Judge Judy

by The Madison County Record |
Jul. 28, 2007, 5:30am

Judge Judy

Judge Judy?

It could be a doozy of an '08 Southern Illinois Democratic primary election: Working-class incumbent of coal-mining descent versus ambitious personal injury trial lawyer.

Several sources tell Dicta that Swansea serial litigator Judy Cates is lining up support to take on and oust Justice James Wexstten's from his seat on the appellate bench come Feb. 5.

Wexstten, appointed in January by the Illinois Supreme Court to succeed the late Terrence J. Hopkins on the 5th District Appellate Court, got the initial nod across party lines from Republican Justice Lloyd Karmeier.

Cates, just wrapping up a year stint as president of the Illinois Trial Lawyers Association, was most recently instrumental in killing venue, class action, asbestos and expert witness reform bills in the state's spring legislative session, while helping to usher in a law that makes it easier for family members to sue over another's death.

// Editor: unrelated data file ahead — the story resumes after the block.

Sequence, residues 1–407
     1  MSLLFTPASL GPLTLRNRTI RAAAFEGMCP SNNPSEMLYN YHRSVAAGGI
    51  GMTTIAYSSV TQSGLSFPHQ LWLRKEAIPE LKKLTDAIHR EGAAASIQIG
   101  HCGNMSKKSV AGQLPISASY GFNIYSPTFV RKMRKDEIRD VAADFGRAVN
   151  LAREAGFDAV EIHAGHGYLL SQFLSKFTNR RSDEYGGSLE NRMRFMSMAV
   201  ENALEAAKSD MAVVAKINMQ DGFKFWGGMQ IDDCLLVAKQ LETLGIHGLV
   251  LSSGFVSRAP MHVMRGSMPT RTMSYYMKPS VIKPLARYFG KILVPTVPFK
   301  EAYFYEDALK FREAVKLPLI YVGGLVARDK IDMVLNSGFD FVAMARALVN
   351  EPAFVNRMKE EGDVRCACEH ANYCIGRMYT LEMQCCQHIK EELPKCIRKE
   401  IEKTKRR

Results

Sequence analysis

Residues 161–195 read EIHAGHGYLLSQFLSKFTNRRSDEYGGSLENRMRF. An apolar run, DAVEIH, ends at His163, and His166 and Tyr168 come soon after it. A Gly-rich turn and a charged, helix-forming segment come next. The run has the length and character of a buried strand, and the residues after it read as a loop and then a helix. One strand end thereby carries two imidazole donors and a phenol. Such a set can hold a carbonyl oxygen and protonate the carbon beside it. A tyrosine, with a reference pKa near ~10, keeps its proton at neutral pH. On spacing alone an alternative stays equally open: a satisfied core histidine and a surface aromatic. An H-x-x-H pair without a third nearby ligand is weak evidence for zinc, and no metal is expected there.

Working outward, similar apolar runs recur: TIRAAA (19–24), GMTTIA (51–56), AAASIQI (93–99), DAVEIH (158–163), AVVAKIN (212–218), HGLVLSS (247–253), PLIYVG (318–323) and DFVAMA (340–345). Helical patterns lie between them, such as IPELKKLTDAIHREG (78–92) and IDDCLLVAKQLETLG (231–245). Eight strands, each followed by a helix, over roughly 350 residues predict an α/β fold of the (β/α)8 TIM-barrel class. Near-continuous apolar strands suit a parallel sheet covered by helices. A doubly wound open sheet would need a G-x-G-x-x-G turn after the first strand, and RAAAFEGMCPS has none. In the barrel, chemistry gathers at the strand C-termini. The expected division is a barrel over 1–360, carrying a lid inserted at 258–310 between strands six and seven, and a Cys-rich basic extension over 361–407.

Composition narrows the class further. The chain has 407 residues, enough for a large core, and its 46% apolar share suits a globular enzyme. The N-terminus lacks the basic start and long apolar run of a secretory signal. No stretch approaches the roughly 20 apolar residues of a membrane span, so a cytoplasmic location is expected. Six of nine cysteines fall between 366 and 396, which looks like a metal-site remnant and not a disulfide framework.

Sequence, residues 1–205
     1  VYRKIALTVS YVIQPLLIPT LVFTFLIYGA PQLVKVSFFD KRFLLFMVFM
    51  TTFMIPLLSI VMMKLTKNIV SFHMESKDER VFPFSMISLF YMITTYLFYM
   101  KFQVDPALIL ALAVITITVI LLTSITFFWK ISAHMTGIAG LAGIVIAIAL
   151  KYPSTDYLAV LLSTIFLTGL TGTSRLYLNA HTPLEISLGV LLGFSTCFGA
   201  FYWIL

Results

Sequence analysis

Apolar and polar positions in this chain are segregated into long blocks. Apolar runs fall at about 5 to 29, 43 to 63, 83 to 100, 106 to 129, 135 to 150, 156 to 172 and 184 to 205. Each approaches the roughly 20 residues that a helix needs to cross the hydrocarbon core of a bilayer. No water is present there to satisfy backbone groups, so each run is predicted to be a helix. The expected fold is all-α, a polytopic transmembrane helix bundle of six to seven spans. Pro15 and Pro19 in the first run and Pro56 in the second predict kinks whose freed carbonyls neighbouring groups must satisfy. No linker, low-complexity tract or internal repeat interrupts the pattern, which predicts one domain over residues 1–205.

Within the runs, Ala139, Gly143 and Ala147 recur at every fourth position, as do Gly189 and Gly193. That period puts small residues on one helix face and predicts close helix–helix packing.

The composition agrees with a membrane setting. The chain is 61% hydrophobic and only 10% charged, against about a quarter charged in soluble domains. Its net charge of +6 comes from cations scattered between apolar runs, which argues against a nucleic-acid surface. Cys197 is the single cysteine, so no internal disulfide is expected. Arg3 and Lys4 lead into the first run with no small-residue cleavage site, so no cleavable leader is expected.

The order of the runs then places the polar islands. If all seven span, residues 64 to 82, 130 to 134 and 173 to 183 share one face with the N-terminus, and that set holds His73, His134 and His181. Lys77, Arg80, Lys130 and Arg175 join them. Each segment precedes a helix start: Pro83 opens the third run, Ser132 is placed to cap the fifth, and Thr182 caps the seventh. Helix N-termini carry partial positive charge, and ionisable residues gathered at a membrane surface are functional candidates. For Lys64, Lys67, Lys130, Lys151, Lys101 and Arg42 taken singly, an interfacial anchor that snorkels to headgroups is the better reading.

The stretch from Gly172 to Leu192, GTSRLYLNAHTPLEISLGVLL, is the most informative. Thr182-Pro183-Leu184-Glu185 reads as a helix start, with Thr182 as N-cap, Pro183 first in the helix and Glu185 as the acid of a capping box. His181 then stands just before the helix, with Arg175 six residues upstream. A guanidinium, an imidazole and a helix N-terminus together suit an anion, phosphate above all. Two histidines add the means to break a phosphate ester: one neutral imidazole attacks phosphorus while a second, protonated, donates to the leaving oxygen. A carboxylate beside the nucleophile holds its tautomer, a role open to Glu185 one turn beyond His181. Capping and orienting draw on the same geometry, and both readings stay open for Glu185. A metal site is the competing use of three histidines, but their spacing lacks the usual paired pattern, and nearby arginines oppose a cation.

But she's most famous for suing the life out of business big and small, as well as the school district she served over a dress code policy.

We cannot wait.

Surf's up

The Golden State Bar recently welcomed newcomers from the Land of Lincoln, SimmonsCooper asbestos stars Nicholas Angelides, Melissa Crowe, Steven Davis and Taylor Lane Kerns.

The quartet recently passed the California State Bar, which has the local bar speculating a westward expansion is in the offing for the Madison County powerhouse.

Bye, Bye, Byr..

The man who kept the Madison County asbestos litigation factory ticking will soon be out of a job.

Judicial vacancies posted on the Illinois State Board of Elections website spells it out clearly for Madison County Circuit Judge Nicholas Byron, who reigned over the county's asbestos docket in its prime. Due to age restrictions, Byron, 77, must vacate his seat on the circuit bench at the end of his current term which expires in December '08.

Byron, who was first appointed to the circuit court by the Illinois Supreme Court in January 1989 following an eight-year stint as associate judge, apparently is none too happy about the inevitable.

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Illinois Supreme Court Illinois Trial Lawyers Association

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